“Despite the contract, I do like this signing much more than Morales’. The Royals are hoping for bounce back years from both, and if Rios provides anything near his .278/.323/.439, 17 HR, 78 RBI, 25 SB typical year, that would be fantastic for the Royals…and even Rios’ future. But, Rios will be 34 next year and players generally don’t get better past age 30 and that his ISO power has declined by nearly 100 points since 2012. He probably will only have to be half as good as his 2013 season to be worth his contract. And, just like with Morales, the signing did fill a need and he was probably the best free agent left out there. Rios certainly plummeted in 2014, and both of the main projections systems currently out have Rios rebounding in some amount (though not returning to a similar but depreciated value from 2013 as possibly expected).”
“Now, let’s find a pitcher…and hopefully its NOT Yohan Pino, the soon-to-be 31-year old who had a 5.07 ERA in 11 starts with the Twins last year (2.47 ERA in 16 AAA starts). Certainly he is minor league depth, organizational filler and NOT the much-sought-after fifth starter. RIGHT?”
Also, earlier in the day, the Royals signed slick-fielding shortstop Gabriel Noriega, a former Mariners prospect.
Sarah Davis says:
“This offseason this year is kind of like Black Friday: There are teams that purchase early, and have everything bought a month before Christmas (The White Sox). Then…there’s the Royals. Now, the Royals are like people like me that walk into Wal-Mart at 11:00 a.m. still expecting there to be good deals left, but alas: All that’s left is junk, and essentially, you end up choosing between crap and crappier.”
“It’s not that I disagree with signing Alex Rios….It’s that…it’s a very, very underwhelming move. In one sense, you could argue that our outfield got better defensively. Let’s face it: Nori Aoki’s awkward, circus style of play was…Just that: A circus. At times, he was painful to watch run around the outfield. He took horrible routes to the ball, and most of the time he just got lucky. I could also see that Rios has a little (a very little) bit more power than Aoki. The thing about this signing is that it’s just very, for lack of a better term, “meh” to me. This whole offseason just seems so…lackadaisical….irrelevant….I have no idea. I have yet to see a move that Dayton Moore has made this offseason and said, ‘Wow, I really liked that.’ It’s either been: ‘Uuuuuuggggggggghhhhhhhhh’ or ‘It’s whatever.’ This move, unlike the other move, I’m willing to give a shot before telling everyone that it’s a horrible move.”
Conrad McGorkin says:
“For me, there is no such thing as a bad one year contract. Unless the dollar are absurd. 11 million is tolerable in this free agent market. Rios isn’t great, but like Morales, he has some pedigree of a better than average player. I have heard that Rios can be a bit of a poor teammate. We’ll see how he fits in, in the Royals dugout. Neither move is overly exciting individually, but together they may be okay. I certainly like these two signings more than I liked Juan Gonzalez and Benito Santiago in 2004. Like I’ve said from the end of the World Series, how the Royals fill James Shields’ vacancy will be the most important move of the off-season. I’m satisfied, though not real excited, with the holes filled in the offense so far. As a team, we still won’t walk or take pitches much at all. That probably won’t change anytime soon. The offense shouldn’t be worse than 2014, so there’s that. Things could be worse.”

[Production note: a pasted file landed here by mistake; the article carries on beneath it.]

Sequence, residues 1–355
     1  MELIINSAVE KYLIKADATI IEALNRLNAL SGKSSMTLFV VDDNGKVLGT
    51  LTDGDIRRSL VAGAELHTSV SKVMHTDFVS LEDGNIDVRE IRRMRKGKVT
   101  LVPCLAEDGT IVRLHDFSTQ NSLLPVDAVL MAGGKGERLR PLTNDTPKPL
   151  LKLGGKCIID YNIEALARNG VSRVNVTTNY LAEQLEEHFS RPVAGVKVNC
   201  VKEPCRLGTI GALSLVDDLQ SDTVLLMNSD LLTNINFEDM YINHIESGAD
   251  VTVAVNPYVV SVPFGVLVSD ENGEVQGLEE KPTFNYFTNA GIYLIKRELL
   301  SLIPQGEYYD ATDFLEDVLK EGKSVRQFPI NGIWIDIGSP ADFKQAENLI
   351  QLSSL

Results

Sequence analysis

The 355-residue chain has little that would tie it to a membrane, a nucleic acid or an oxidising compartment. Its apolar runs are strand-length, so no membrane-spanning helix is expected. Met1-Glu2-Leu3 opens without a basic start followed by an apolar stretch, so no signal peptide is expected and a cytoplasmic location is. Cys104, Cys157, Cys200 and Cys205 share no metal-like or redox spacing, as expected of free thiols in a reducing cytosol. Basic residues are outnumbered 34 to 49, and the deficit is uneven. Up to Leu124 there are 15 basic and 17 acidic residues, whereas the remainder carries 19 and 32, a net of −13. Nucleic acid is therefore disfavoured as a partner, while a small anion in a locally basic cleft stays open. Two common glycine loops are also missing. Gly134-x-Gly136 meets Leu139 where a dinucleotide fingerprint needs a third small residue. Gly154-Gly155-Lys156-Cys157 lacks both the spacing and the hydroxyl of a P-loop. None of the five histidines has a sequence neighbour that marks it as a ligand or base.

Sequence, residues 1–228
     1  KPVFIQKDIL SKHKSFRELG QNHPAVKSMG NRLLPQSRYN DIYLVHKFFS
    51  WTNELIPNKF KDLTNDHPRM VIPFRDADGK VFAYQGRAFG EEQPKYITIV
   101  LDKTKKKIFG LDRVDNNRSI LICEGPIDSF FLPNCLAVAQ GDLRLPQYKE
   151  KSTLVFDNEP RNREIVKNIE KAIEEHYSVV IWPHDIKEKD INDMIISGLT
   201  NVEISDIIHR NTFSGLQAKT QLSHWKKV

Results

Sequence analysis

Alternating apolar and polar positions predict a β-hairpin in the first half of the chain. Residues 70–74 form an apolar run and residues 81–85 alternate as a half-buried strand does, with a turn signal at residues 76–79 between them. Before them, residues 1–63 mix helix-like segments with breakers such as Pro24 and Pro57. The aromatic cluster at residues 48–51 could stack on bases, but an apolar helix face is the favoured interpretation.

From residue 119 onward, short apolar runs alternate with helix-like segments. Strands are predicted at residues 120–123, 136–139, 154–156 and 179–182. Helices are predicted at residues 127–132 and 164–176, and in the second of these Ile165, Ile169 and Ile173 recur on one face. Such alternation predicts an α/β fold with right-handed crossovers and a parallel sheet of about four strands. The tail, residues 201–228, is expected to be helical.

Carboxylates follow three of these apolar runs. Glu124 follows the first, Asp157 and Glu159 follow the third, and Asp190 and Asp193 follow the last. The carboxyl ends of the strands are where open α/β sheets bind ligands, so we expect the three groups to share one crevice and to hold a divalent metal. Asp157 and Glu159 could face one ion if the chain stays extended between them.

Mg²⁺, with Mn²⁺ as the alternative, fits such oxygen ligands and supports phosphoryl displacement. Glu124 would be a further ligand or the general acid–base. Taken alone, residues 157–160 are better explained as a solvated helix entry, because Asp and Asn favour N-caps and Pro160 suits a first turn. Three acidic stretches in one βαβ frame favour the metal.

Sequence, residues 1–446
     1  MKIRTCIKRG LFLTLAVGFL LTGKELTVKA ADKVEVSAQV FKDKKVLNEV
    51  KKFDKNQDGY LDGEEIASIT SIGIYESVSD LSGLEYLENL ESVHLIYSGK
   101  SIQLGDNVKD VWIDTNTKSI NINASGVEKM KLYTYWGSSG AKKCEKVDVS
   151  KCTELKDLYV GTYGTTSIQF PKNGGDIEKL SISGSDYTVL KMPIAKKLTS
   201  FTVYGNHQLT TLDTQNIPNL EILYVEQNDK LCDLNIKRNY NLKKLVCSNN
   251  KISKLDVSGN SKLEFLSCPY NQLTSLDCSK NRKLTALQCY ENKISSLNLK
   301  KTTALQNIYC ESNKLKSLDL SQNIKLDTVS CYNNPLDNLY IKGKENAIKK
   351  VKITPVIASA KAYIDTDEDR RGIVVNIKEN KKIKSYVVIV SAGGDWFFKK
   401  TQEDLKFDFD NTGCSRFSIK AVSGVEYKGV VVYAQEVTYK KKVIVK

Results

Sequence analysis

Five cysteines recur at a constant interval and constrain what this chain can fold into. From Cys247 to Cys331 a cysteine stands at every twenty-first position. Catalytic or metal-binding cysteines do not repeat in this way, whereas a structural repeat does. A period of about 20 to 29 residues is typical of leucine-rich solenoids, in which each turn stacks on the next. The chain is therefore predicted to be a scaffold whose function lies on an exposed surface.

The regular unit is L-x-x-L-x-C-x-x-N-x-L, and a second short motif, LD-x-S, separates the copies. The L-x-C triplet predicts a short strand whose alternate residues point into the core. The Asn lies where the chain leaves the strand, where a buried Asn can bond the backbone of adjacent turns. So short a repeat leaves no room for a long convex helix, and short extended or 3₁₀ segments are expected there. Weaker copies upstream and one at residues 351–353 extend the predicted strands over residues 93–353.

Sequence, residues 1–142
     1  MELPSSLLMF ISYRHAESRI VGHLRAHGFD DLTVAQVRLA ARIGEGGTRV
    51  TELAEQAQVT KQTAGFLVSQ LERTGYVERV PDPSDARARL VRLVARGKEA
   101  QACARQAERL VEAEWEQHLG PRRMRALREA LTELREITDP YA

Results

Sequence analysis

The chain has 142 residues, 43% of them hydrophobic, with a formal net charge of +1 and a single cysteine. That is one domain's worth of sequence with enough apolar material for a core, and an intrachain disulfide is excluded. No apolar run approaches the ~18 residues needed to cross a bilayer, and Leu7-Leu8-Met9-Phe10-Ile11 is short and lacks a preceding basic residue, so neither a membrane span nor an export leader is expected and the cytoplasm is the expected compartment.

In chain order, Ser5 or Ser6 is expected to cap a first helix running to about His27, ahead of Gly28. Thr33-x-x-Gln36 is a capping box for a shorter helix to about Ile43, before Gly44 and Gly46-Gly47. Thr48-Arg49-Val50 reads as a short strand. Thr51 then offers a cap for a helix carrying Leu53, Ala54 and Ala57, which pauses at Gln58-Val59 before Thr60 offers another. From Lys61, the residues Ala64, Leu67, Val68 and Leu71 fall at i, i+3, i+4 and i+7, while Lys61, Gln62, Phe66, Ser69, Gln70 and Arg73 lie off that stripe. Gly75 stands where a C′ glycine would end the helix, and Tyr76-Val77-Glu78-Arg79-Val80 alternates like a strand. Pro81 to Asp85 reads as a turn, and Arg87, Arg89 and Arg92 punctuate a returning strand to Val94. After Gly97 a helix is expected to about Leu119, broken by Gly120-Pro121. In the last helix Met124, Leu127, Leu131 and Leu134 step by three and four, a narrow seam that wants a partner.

Justin Rhodes says:
“My thoughts are very similar to Conrad’s. Although I feel like we overpaid, I like this signing. I like it, don’t love it. We addressed a position of need and didn’t have to make a trade to do it. I prefer Rios in RF over Aoki. He offers more power and better defense with similar batting AVG and OBP. When Rios is healthy he’s a threat to steal on the bases. Signing Rios to a one-year deal is the best part. If he sucks, so what you aren’t stuck with him for several years. Also he will be playing for his next contract so I expect his best effort. Bottom line the Royals got better today. Now we still need a starting pitcher. With the current payroll at $105 million I expect a trade. I also expect that trade to include Davis or Holland. This seemed inevitable once Papa Hoch re-signed with the team. Still too much money invested in that $26 million bullpen.
Luke Goosen says:
“I don’t hate this move. I really don’t love this move. I worry most that I will end up hating it as the season wears on and Melky is killing us wearing black and white, while Rios looks like he is aging by the day. I hope that ends up not being the case, but I just have a hard time expecting declining players to rebound. Morales is different, he had one bad year, that DOES seem possible to rebound from. The problem with Rios is he hasn’t been great since 2012.”